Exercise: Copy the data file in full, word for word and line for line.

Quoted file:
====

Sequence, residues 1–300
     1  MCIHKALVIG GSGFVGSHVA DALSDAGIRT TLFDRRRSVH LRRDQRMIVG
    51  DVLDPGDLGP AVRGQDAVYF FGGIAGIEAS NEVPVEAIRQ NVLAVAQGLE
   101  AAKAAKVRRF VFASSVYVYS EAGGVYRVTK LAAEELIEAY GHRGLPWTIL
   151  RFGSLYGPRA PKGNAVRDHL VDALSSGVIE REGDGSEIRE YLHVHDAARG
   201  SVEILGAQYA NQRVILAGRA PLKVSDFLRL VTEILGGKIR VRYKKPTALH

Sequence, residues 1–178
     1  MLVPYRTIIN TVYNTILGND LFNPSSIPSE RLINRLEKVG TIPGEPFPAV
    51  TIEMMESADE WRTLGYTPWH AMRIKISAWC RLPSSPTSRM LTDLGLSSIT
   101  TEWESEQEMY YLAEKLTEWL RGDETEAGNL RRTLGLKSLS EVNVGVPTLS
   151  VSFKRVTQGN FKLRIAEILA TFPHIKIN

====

Sequence, residues 1–300
     1  MCIHKALVIG GSGFVGSHVA DALSDAGIRT TLFDRRRSVH LRRDQRMIVG
    51  DVLDPGDLGP AVRGQDAVYF FGGIAGIEAS NEVPVEAIRQ NVLAVAQGLE
   101  AAKAAKVRRF VFASSVYVYS EAGGVYRVTK LAAEELIEAY GHRGLPWTIL
   151  RFGSLYGPRA PKGNAVRDHL VDALSSGVIE REGDGSEIRE YLHVHDAARG
   201  SVEILGAQYA NQRVILAGRA PLKVSDFLRL VTEILGGKIR VRYKKPTALH

Sequence, residues 1–178
     1  MLVPYRTIIN TVYNTILGND LFNPSSIPSE RLINRLEKVG TIPGEPFPAV
    51  TIEMMESADE WRTLGYTPWH AMRIKISAWC RLPSSPTSRM LTDLGLSSIT
   101  TEWESEQEMY YLAEKLTEWL RGDETEAGNL RRTLGLKSLS EVNVGVPTLS
   151  VSFKRVTQGN FKLRIAEILA TFPHIKIN